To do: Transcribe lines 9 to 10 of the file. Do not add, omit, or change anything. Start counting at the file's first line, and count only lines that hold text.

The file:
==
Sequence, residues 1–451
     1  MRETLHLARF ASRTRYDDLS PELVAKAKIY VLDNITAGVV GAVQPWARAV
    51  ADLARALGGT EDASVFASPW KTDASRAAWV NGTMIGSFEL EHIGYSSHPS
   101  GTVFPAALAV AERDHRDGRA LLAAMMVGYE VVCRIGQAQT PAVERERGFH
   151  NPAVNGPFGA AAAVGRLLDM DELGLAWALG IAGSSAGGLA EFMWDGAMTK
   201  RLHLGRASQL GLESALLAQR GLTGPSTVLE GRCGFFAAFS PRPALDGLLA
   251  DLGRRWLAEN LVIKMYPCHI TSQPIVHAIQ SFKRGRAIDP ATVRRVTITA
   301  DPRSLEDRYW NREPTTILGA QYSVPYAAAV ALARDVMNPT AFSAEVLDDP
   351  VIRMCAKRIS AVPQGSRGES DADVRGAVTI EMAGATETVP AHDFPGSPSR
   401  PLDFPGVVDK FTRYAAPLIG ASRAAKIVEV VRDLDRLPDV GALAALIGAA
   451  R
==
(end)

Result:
   351  VIRMCAKRIS AVPQGSRGES DADVRGAVTI EMAGATETVP AHDFPGSPSR
   401  PLDFPGVVDK FTRYAAPLIG ASRAAKIVEV VRDLDRLPDV GALAALIGAA